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Wed, Feb. 26

Bends, glitches take a bite out of Apple's new offerings

Competitors have used social media and ads, such as this one, to gleefully trumpet Apple's recent struggles. (Courtesy)

Competitors have used social media and ads, such as this one, to gleefully trumpet Apple's recent struggles. (Courtesy)

Apple has not had a good week in the wake of the iPhone 6 and iOS 8 launches. Software bugs and hardware problems have sent the company's stock reeling, dropping 3.88 percent on Thursday and losing nearly $23 billion in stock valuation since the launch of the iPhone 6 last week.

While this is only a dent in Apple's massive financial value (the company has nearly $160 billion in cash alone), the tech giant will have to deal with the public relations nightmare and competition ridicule for the months to follow.


The launch of the iPhone 6 also came with Apple's entry into the phablet market, the iPhone 6 Plus. Its 5.5-inch screensize is meant to compete directly with Samsung's popular Galaxy Note line, with the latest Galaxy Note 3 having sporting a 5.7-inch screen.

Apple's phablet came in thinner and lighter than its competitor, but that may pose a problem for the structural integrity of the phone.

Users are reporting that the iPhone 6 Plus is prone to bending and warping even with light daily use and resting in pants pockets. While Apple hasn't confirmed why this is happening, most of the bending occurs near the volume buttons on the body itself. The body is made of a single, carved piece of aluminum alloy, but Apple needed to cut into the body to make room for the volume buttons. Because of how thin the phone is, that hole has created a weak point in the chassis.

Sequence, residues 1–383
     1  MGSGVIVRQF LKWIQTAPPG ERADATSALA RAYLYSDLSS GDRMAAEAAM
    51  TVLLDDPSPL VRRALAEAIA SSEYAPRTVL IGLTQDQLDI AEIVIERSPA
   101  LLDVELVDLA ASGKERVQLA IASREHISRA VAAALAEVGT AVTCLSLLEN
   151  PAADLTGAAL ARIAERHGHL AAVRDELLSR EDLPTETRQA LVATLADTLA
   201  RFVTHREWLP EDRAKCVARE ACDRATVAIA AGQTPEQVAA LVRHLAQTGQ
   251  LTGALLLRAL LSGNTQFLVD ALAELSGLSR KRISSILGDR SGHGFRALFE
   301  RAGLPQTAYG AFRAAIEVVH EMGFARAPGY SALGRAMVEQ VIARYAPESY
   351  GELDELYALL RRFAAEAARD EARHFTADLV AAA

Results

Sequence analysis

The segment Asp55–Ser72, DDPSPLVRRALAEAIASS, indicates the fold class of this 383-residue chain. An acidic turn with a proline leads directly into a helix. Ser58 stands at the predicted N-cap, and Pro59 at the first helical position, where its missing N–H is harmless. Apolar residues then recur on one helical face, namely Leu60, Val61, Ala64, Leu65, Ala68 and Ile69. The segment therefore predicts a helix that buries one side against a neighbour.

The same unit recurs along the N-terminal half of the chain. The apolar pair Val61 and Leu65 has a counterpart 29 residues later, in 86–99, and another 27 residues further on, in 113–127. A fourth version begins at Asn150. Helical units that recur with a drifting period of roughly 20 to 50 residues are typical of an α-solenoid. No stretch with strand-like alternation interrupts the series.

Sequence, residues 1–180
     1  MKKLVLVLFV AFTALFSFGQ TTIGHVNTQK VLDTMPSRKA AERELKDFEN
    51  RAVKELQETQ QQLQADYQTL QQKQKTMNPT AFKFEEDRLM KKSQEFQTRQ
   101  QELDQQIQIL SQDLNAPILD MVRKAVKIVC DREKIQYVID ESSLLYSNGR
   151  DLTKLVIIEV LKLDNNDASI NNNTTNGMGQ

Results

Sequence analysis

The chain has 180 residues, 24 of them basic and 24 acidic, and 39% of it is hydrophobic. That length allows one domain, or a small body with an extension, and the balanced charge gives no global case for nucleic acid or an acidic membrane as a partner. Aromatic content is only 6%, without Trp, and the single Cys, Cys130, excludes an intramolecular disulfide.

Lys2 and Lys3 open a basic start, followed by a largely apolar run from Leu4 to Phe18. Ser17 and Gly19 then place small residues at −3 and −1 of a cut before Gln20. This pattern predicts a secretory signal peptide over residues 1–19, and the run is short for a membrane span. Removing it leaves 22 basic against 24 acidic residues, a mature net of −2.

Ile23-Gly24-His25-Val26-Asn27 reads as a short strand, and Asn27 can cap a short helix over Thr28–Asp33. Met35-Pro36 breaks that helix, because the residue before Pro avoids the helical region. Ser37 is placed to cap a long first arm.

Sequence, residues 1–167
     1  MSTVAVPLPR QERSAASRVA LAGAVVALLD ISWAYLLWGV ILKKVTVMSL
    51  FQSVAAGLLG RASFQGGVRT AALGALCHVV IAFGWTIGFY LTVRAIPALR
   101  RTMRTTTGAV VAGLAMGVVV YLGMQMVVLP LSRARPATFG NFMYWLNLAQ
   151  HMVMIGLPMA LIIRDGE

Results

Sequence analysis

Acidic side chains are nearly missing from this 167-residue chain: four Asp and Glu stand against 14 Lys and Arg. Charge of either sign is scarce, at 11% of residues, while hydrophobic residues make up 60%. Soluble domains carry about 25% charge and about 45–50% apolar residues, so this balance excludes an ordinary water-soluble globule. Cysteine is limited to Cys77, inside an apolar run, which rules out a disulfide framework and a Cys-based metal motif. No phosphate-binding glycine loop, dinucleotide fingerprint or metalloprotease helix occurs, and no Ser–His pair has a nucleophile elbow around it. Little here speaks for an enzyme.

Apple reported that only nine customers have contacted the company about the problem, but multiple YouTube videos and Tweets suggest a much more common concern.

Competitors have already started taking jabs at Apple's expense, with Samsung leading the charge and capitalizing on "Bendgate."

An ad posted this week shows the iPhone 6 Plus bending in front of a Galaxy Note 3 with the caption "Bend to those who are worthy." A tweet with a picture of the Galaxy Note Edge, a phone with a screen that wraps around one side, reads "Curved. Not bent."

Other companies such as KitKat, Heineken, Slim Jim, and Burton Snowboards have joined in on the #bendgate fun through tweets of their own.

Regardless of how widespread this issue is, Apple will be looking at an expensive fix for users affected. The iPhone 6 Plus starts at $749 off-contract. The iPhone 6 and 6 Plus collectively sold over 10 million units since its release last Friday, eclipsing the last iPhone's release by over a million units.

iOS 8.01 pulled

Apple's newest mobile operating system, iOS 8, released last week ahead of the iPhone 6 launch with mixed reviews. While the new iOS does add a slew of new features that developers and users can utilize, the iOS has been crashing more often than previous versions.

It was the update released this week, 8.01, that kicked many iPhone 6 users off of their networks. Users were reporting that their phones with iOS 8.01 were showing "No Service" in areas that they previously had cell service.

The update also rendered the Touch ID sensor, the fingerprint reader inside the Home button, unusable.

The issue seems to only affect the iPhone 6 and iPhone 6 Plus, but that didn't stop Apple from pulling the update from all phones.

Apple released this statement shortly after:

"We apologize for the great inconvenience experienced by users, and are working around the clock to prepare iOS 8.02 with a fix for the issue, and will release it as soon as it is ready in the next few days."

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